Back pain is a common condition which affects many people of all ages. There are different types of back pain causing different symptoms and signs. Your back pain can be assessed and managed at Sportswise. This will include an assessment of the type of symptoms you are having, examination of your spine and discussion regarding the merits of further investigation. We can help to diagnose the type of back pain you have and explore treatment options with you.
Your back consists of different structures including bones, muscles, ligaments, tendons and nerves. The bones of the spine consist of blocks of bone called vertebra. There are 7 cervical vertebrae in the neck region, 12 thoracic vertebrae in the upper back and 5 lumbar vertebrae in the lower back. Below this is your sacrum and then coccyx. In between each vertebra is an intervertebral disc which cushions the vertebra and allows your spine to move. The spine is supported by strong muscles and ligaments. Your spinal cord is a collection of nerves that pass down through the vertebrae with nerve branches spreading out to carry signals to control movement and sensation in your body.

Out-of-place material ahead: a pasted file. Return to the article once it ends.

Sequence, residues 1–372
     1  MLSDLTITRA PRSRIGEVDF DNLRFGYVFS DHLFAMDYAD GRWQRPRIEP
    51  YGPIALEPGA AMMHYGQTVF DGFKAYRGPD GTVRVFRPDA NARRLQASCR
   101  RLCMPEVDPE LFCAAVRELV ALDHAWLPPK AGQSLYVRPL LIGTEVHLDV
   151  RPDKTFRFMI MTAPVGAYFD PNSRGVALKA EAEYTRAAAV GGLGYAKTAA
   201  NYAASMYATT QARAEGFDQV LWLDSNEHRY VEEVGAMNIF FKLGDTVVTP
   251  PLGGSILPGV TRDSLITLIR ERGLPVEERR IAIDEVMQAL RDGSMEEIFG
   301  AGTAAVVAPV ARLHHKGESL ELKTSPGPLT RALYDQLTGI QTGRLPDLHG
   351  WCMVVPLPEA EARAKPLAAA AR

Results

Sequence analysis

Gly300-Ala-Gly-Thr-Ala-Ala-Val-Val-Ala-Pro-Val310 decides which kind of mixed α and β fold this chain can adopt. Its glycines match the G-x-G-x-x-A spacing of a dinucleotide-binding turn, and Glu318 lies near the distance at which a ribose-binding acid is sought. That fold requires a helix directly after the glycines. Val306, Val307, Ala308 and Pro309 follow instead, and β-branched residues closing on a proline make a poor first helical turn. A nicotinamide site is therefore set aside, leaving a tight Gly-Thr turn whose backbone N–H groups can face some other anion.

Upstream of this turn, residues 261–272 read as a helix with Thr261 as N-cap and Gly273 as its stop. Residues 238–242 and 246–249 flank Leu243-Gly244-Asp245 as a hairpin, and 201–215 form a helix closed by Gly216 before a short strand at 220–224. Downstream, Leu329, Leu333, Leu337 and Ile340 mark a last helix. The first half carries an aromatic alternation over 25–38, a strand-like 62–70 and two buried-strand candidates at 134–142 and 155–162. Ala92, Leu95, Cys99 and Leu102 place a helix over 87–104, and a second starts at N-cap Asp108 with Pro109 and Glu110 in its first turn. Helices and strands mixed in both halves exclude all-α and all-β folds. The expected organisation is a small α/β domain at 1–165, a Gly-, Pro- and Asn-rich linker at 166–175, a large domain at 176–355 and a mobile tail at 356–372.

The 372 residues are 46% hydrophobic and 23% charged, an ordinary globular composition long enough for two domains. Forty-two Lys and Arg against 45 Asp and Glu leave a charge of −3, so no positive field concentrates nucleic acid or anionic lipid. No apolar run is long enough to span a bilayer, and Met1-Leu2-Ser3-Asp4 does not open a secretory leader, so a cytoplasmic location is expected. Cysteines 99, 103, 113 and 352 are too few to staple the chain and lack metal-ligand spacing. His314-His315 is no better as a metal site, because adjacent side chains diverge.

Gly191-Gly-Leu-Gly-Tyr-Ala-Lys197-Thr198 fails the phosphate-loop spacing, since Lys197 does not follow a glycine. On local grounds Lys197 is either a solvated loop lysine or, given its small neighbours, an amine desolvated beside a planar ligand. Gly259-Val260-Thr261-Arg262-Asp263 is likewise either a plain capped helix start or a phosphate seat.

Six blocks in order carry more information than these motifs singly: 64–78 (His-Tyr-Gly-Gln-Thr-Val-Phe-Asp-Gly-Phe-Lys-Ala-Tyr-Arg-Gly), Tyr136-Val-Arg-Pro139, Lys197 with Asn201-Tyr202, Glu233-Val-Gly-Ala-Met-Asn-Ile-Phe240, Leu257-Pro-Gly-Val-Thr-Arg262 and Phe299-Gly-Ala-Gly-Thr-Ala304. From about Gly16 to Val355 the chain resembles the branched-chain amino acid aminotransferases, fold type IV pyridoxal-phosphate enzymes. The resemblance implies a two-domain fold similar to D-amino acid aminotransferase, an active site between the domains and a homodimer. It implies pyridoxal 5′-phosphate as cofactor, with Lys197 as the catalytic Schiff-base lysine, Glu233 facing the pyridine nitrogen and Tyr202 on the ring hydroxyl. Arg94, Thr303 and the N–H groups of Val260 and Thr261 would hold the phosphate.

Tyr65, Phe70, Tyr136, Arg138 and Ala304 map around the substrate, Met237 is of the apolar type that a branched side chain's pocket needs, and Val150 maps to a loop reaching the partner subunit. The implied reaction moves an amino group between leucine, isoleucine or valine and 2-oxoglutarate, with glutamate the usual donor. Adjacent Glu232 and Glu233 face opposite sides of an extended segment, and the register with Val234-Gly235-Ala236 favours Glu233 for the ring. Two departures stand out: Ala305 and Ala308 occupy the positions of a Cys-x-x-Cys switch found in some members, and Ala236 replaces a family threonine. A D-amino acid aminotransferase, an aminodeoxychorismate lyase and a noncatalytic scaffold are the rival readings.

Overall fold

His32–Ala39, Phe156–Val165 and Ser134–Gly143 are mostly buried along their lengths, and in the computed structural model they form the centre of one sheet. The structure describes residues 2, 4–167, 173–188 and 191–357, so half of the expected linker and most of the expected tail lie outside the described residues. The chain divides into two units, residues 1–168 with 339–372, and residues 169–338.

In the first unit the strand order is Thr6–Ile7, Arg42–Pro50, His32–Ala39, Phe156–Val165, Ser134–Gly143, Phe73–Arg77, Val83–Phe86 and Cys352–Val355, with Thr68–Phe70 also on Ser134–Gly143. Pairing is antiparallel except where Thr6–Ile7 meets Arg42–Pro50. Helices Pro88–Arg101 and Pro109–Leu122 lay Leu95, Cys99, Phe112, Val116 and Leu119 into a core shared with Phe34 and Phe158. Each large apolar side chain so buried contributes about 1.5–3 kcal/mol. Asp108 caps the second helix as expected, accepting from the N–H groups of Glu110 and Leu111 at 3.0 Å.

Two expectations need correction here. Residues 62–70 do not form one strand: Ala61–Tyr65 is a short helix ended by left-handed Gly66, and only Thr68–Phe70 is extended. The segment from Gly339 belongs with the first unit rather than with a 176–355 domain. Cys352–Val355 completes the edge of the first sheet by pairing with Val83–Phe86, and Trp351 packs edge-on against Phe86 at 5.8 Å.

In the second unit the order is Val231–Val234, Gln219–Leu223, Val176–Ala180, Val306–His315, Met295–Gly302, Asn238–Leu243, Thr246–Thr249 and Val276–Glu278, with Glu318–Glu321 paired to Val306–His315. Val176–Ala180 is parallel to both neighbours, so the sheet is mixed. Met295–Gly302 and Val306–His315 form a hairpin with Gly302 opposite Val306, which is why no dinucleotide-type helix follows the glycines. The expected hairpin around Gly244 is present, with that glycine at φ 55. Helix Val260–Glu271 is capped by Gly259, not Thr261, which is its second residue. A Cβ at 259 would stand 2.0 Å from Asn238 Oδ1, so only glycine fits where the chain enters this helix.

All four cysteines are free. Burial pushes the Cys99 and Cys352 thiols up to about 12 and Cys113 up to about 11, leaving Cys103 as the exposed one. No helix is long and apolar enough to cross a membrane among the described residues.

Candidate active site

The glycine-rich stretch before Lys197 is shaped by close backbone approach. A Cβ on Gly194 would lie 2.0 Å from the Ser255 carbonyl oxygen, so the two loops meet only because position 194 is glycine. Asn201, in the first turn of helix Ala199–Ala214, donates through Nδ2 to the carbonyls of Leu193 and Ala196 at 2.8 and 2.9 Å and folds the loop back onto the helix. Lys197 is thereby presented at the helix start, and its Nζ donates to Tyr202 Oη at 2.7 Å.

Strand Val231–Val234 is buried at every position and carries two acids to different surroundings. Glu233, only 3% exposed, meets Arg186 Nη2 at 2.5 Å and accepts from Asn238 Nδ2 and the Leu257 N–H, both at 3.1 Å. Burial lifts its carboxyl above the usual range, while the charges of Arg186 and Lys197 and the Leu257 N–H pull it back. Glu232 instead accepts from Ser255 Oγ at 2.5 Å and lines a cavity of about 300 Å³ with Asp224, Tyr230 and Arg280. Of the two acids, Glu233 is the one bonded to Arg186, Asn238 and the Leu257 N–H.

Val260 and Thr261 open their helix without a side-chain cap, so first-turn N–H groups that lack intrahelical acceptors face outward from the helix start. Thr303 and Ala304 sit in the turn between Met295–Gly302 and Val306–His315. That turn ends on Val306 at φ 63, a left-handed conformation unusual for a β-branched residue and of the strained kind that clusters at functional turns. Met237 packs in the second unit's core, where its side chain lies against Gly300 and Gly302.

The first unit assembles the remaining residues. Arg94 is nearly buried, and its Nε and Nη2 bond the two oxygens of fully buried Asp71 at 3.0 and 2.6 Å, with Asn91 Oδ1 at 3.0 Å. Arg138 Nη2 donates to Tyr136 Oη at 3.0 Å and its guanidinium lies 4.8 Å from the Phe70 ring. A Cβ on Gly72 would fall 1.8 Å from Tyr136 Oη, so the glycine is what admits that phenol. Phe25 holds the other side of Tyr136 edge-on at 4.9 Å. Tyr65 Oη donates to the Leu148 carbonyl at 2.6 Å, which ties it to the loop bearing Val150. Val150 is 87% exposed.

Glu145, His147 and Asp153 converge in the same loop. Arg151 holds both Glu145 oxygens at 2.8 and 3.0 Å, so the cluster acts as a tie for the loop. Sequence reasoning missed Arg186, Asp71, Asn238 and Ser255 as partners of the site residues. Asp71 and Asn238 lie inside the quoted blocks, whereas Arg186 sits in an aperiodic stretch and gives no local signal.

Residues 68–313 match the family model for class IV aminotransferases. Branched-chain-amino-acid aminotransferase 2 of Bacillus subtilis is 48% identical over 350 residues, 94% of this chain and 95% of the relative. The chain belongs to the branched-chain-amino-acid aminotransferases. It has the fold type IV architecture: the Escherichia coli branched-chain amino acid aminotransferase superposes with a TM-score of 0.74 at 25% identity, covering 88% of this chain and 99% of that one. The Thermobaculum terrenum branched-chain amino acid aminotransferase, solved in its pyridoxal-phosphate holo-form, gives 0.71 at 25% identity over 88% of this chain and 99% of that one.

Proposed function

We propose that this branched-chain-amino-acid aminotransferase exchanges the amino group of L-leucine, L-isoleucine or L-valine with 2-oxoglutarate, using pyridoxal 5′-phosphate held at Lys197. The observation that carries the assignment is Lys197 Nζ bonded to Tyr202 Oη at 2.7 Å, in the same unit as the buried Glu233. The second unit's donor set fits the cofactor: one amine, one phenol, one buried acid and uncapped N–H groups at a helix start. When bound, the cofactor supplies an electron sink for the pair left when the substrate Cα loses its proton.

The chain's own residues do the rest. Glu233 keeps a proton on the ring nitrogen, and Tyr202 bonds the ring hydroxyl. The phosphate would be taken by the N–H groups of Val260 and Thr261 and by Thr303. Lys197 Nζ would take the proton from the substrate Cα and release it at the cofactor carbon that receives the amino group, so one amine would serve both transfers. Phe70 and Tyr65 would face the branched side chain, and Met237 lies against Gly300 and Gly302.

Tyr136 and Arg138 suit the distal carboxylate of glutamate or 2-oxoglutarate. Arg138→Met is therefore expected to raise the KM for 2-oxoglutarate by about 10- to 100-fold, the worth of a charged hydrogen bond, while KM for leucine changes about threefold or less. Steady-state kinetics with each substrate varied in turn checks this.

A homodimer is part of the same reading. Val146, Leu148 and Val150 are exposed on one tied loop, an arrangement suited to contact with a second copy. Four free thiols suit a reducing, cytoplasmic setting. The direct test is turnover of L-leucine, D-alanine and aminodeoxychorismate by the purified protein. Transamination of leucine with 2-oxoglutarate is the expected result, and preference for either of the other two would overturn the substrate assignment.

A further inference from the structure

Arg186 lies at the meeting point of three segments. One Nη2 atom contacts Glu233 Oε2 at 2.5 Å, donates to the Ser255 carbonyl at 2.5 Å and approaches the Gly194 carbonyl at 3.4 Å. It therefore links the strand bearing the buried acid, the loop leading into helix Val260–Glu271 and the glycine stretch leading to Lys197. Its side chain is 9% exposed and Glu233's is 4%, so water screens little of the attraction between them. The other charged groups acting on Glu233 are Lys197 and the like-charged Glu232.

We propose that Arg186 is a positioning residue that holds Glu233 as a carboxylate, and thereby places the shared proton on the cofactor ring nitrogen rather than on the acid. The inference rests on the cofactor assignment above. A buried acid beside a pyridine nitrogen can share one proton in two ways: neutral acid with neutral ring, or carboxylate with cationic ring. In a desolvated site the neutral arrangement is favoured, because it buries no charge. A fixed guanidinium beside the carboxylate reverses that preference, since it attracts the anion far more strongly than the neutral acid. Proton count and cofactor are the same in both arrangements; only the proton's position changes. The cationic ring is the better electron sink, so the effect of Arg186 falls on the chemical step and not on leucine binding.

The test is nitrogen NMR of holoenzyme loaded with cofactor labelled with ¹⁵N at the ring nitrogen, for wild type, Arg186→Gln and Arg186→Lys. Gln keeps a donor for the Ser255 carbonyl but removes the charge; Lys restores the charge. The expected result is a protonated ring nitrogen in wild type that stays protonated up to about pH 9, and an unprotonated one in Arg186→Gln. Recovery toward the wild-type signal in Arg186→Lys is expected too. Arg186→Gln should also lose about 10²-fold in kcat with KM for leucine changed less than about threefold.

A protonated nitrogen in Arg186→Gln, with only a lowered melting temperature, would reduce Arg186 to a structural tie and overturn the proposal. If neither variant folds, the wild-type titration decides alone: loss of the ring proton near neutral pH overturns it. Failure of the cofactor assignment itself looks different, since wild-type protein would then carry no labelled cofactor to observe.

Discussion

Back pain is very common. 6-8 out of 10 people in the UK will experience back pain in their lifetime. In any one month period in the UK, up to 30% of adults over the age of 25 may have low back pain. Chronic back pain is when you have back pain for more than six weeks and this occurs in about 1% of the population every year.
There are different types of back pain.
Non-specific mechanical back pain – this is the commonest type where no serious cause is identified. This type of back pain can originate from soft tissues and vertebra, though it may be difficult to identify a specific cause. It involves back pain that can vary according to the posture, movement and mood.
A bulging intervertebral disc that is pressing on a spinal nerve can result in back pain with pain extending down one leg, also known as sciatica or radicular pain. This can also be associated with weakness and change in sensation in part of the leg.
Inflammatory conditions such as ankylosing spondylitis, where the body’s immune system produces inflammation in the spine, resulting in back pain and stiffness.
Certain sporting activities are associated with stress fractures in the spine and related to repeated extension (bending backwards) of the spine. If you participate in one of these sports then we may wish to exclude this with a scan (MRI and/or CT). Sports include cricket bowling, gymnastics, high jump, diving, tennis and other throwing events to name a few.
Less commonly back pain may be caused by a serious condition such as infection, cancer or other fractures.
Cauda equina syndrome. Though also uncommon, if this is suspected, it requires emergency medical review. It occurs when there is pressure on the nerves at the bottom of the spine. You should seek urgent medical review if you develop: altered sensation around the genital area, difficulty passing urine, incontinence of stool or difficulty using your legs.